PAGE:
money follows the person

No husbands or wives should have to completely bankrupt themselves when their spouses need Medicaid to fund home- and community-based services (HCBS) such as help with daily activities like eating, bathing, and dressing. Yet unless Congress acts, bankruptcy or nursing home admission are exactly what could happen in many such cases in the near future because an important provision that allows spousal impoverishment protections for spouses of Medicaid HCBS recipients is set to expire on March 31.
Senior couple in wheelchair in autumn nature.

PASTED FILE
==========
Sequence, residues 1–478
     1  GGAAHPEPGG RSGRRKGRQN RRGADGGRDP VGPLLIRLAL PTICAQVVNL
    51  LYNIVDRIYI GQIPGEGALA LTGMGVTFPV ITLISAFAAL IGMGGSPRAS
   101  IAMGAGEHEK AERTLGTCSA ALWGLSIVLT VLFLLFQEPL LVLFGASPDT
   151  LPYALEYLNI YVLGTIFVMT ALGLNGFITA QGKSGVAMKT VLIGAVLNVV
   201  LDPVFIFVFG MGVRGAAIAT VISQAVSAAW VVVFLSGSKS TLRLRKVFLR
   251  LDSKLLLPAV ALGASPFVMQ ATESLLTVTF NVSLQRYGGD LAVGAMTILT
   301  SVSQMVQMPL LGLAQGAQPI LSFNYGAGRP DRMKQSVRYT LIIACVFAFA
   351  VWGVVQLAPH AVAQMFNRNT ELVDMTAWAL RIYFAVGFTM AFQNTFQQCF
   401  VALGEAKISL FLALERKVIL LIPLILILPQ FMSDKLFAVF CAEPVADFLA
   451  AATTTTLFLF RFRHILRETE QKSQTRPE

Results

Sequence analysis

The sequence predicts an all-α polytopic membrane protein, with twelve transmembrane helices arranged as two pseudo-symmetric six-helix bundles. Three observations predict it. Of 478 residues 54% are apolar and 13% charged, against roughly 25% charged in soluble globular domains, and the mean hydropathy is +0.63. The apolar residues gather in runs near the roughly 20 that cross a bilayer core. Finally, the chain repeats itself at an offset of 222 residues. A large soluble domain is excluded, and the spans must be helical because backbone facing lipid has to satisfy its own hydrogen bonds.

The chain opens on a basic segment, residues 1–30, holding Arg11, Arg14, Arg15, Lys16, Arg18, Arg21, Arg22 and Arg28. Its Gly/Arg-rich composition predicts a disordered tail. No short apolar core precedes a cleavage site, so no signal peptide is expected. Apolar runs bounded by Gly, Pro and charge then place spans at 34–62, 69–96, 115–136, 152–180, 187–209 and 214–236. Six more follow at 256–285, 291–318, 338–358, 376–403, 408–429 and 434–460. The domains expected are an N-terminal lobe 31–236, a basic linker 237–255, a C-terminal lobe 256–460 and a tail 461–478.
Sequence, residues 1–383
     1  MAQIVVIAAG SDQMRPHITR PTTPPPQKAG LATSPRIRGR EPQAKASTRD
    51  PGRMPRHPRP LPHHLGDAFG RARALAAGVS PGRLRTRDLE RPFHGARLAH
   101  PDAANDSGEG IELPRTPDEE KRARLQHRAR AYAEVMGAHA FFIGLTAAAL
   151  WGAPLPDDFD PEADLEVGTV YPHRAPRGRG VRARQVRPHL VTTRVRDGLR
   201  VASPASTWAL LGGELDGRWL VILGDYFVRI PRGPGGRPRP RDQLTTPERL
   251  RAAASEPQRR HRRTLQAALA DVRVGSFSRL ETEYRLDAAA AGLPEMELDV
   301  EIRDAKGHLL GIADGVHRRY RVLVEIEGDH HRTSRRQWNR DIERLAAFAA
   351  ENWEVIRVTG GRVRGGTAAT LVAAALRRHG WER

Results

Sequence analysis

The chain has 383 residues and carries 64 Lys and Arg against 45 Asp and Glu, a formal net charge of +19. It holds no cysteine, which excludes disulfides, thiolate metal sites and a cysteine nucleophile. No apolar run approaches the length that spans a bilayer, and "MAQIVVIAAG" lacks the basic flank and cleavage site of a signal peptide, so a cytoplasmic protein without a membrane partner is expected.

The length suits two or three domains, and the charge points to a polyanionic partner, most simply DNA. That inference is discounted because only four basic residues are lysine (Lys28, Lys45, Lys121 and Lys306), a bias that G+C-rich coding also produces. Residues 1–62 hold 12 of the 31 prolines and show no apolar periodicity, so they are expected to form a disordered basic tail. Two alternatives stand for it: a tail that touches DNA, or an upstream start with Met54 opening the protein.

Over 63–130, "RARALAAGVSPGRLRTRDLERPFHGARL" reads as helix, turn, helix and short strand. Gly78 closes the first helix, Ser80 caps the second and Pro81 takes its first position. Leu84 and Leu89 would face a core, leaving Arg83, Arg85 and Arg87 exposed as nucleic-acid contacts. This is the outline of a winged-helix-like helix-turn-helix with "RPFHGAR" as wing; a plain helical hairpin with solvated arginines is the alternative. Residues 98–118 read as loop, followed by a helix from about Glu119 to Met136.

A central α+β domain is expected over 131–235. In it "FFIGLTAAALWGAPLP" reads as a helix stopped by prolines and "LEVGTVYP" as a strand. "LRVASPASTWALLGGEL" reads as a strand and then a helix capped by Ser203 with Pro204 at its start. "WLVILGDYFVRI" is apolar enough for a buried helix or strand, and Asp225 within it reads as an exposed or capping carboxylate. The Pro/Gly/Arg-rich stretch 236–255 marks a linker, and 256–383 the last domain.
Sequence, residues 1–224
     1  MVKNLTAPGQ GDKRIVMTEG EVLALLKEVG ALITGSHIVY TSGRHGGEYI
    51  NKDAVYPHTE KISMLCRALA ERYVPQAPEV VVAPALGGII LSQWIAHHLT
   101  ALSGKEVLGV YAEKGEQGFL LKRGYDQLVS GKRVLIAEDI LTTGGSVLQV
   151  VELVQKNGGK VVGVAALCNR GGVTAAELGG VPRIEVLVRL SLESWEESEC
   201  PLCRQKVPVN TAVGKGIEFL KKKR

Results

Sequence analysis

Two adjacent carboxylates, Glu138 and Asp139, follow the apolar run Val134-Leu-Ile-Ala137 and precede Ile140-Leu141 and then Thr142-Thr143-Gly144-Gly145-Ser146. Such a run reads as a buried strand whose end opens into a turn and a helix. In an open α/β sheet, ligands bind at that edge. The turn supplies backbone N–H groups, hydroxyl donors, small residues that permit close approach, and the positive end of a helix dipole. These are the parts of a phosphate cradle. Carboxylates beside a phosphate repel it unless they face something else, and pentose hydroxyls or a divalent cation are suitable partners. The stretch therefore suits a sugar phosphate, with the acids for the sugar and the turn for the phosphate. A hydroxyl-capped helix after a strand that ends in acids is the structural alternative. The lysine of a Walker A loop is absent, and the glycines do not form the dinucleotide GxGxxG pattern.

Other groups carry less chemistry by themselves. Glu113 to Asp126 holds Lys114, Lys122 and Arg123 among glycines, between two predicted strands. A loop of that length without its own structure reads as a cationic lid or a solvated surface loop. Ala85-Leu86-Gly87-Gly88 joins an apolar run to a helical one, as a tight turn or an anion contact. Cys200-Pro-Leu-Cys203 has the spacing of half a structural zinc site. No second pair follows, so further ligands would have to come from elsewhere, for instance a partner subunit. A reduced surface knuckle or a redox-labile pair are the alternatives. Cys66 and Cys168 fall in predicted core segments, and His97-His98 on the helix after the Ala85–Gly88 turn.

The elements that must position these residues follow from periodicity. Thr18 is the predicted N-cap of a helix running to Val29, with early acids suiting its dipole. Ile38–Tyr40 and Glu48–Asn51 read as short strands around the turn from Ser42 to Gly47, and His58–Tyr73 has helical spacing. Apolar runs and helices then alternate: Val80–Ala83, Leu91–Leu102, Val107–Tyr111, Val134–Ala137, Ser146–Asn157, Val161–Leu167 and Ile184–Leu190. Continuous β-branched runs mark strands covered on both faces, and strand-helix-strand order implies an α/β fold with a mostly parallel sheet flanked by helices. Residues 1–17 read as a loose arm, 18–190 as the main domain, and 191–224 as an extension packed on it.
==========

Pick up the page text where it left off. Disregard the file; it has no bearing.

As AARP’s recent report highlights, the majority of Americans prefer to remain in their homes as long as possible. Helping to enable that are home- and community-based services (HCBS)—the kind of long-term supports provided to older adults and individuals with disabilities residing in communities as they age.
Wheelchair-bound African descent, female senior adult enjoys the outdoors with her home healthcare nurse or caregiver. The multi-ethnic group is at the patient's home or a nursing home or assisted living facility.
When Abbie was first admitted to a nursing facility in Henderson, Nev., in December 2012, she was told she would probably be there for the rest of her life. For Abbie, who was 76 at the time, that was not an option.
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